Our bodies evolved over millions of years sheltered in the magnetic resonance of the planet. As we slept on the earth and walked barefoot on her landscape we were constantly attuned to her vibrations and frequencies. Our science is now discovering how essential our attunement to these magnetic fields are for the function of our cellular health. Magnetic frequencies and light cycles impact every aspect of our biology down to the cellular level, and yet in a hundred years we have completely disconnected from these nourishing vibrations in favor of artificial sources. We have migrated from a life lived in communion with the Earth and all her medicine to one that is lived in an artificially lit indoor environment that is becoming increasingly saturated by the electric fields and wireless radiations of our technological brilliance.

We once woke up with the sun and moved through complex natural environments to fulfill the tasks of our daily lives. As we moved, the very act of movement caused the vital fluids of our bodies to circulate to all the organs and muscles. The heart is not the only mover of blood. The contractions of muscles pull blood and circulate nutrients to all parts of our physical form. Yet now we sit and stare into screens endlessly, robbing ourselves of the replenishing aspects of movement and the joys of it.

At night darkness fell and our activities ceased with it. We learned the wisdom of having a time for darkness and inactivity, something which our industries which strive for growth at all times could serve to remember. The period of darkness experienced at night is a critical as the period of light experienced during the day. The morning sun triggers a massive shift in hormonal function as the bodies shifts into its daytime processes, and similarly the onset of darkness triggers the onset of our nocturnal processes.

The Chinese knew the importance of Yin and Yang, and what can occur when these forces are out of balance. In their language I would say our light environment has become Yin deficient because of our use of artificial lighting. I also find our constant illumination of our world to be symbolic of the masculine conquest of nature. We have created eternal daytime, we have conquered darkness, and we have lost touch with her feminine receptive nature. We have lost the ancient experience of stories told around a fire. and of quiet conversations with our loved ones under the night sky. In scientific terms we are impairing the product of melatonin and damaging our eyes via blue light toxicity during the dark portion of the photoperiod.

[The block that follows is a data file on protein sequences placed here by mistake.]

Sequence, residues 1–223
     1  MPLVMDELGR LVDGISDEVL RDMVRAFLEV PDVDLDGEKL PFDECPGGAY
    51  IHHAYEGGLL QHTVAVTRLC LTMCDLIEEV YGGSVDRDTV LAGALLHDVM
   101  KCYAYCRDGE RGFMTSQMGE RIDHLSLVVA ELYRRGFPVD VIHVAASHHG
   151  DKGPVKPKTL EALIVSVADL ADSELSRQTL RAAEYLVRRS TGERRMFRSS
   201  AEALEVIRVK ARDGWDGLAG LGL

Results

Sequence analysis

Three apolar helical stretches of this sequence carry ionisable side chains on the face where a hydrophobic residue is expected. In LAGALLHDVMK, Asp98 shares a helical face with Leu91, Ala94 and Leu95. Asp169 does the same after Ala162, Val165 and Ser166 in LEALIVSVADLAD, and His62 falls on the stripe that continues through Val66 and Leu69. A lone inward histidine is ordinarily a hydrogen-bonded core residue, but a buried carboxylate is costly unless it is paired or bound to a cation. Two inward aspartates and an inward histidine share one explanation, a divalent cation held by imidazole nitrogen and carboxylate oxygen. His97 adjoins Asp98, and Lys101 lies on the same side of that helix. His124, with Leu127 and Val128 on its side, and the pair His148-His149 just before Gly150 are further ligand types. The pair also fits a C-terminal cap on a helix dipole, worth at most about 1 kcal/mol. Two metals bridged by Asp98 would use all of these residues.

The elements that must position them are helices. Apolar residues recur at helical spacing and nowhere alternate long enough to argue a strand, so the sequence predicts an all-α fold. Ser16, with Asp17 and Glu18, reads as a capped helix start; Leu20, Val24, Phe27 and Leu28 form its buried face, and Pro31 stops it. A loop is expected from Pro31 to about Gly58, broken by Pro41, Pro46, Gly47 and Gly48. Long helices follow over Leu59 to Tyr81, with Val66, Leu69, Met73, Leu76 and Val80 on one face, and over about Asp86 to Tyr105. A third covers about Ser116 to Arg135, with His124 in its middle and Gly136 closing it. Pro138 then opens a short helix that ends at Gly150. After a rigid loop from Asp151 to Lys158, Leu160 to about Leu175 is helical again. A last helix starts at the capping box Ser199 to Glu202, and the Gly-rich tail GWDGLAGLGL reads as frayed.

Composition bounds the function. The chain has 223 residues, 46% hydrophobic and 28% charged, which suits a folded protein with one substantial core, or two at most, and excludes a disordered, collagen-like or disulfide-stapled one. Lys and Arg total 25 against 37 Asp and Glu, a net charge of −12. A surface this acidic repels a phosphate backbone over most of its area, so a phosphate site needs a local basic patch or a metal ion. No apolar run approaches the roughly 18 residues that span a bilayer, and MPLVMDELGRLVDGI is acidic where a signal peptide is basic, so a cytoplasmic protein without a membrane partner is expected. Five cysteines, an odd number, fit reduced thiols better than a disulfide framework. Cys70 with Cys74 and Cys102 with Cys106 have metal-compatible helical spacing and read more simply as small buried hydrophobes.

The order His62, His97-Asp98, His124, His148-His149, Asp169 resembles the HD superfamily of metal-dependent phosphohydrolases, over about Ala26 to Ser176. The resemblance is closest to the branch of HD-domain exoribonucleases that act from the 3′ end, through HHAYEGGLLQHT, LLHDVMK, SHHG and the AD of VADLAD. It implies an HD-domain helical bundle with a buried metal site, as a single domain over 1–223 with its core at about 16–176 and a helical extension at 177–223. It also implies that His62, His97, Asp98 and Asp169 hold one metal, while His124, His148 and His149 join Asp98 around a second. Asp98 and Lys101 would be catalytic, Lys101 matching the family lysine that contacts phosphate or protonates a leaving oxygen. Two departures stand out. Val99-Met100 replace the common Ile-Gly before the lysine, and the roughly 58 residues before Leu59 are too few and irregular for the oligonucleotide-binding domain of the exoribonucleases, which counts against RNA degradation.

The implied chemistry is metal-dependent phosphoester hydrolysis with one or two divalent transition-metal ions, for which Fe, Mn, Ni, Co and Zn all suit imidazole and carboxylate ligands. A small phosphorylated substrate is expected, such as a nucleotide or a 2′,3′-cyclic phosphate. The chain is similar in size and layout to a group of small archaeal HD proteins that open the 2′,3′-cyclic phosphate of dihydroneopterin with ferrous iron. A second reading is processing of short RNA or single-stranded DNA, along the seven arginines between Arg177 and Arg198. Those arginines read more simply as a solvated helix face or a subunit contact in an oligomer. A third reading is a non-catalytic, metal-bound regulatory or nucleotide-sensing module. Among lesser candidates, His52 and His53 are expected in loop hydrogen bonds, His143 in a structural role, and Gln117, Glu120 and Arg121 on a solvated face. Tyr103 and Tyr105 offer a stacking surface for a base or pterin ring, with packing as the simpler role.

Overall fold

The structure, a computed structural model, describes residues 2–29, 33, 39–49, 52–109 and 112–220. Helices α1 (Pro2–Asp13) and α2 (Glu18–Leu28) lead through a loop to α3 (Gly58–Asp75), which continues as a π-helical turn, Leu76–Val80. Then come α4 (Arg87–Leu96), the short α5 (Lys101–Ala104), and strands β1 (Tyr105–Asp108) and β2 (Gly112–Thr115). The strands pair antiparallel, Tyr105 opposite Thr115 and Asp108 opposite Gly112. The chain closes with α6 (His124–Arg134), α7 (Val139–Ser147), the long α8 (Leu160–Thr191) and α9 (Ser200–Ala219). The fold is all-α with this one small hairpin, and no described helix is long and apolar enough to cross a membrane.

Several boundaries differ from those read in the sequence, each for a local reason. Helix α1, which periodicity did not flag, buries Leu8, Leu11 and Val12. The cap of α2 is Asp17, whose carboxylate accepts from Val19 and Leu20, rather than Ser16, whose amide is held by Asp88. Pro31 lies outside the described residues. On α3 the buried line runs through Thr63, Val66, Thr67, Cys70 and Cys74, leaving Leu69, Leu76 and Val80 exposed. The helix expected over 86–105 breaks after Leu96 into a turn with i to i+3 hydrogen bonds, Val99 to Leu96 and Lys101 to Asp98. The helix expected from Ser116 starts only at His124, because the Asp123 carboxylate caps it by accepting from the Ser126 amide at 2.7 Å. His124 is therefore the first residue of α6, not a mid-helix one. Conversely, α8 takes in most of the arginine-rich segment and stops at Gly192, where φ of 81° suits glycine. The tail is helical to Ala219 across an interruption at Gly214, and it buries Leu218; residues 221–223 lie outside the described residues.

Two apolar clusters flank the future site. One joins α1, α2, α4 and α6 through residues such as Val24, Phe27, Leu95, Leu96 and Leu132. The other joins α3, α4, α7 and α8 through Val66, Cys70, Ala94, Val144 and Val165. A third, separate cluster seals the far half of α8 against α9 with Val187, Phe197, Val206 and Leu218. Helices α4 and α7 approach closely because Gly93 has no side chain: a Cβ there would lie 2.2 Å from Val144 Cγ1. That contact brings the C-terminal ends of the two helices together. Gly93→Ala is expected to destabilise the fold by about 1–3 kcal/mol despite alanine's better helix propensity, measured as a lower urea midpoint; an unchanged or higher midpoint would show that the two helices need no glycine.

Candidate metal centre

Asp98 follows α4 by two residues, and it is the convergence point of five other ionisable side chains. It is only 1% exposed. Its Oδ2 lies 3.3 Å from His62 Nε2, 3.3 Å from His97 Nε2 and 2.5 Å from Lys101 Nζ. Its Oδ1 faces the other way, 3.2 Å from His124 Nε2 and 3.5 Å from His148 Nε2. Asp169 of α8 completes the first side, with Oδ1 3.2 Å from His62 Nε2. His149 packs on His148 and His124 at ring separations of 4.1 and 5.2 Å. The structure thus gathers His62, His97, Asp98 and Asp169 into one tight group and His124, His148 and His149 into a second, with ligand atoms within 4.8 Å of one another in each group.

These are just some of the changes that have taken place in the last hundred years and I cite them now as an example of how our way of living has shifted so dramatically and so quickly. As a result of all these changes a general malaise has come to afflict the human population. We have become numb to the sound of it as most take this state of being as “normal” for it is all they have ever known. How does one know they are sick if they have never been well?  All you need to do is turn on a television ( but I do not recommend it) to hear the advertisements for medications for depression, anxiety, cancer, autoimmune disorders, diabetes, MS, and a variety of other diseases which were  unheard in ancient societies and among hunter gatherer populations.

However, the innate intelligence of life is stirring within us and many people are becoming increasingly disillusioned with this culture we have manufactured. A great awareness for physical healing and restoration is emerging and I feel it is one of the most important ways that we pay homage to the Earth, by healing the gift of the body we have been given. Through the miracle which is the Internet I have watched for years as people from all over the world have gathered in virtual space to find solutions and it is here in this virtual realm that I am sharing my contribution to the whole. We can’t say that the times we live in are boring!

The body is a complex system, a unified whole made of many parts. In this way it reflects a fundamental principle inherent to all levels of creation. All manners of form in this existence are simultaneously a singular whole and the many parts which it is composed of. This is an important reference point to hold when one attempts to bring their body back into a state of health. The state of health is the singular holistic manifestation of all parts working in harmony. So where does one begin in their journey? For each person different pieces will hold different magnitudes of importance. This is individual and must be discovered by the individual. What is most important for one person will not typically be what is most important for another and I don’t truly find there to be a hierarchy of the various systems. The heart is not intrinsically more important than the liver. The brain is not intrinsically more important than the gut. The alignment of the spine not intrinsically more important than the circadian biology. All of these things work together, much as rivers don’t exist without the land they flow through nor without the clouds which replenish the waters of this magnificent biosphere.

Alignment : Chinese Medicine Living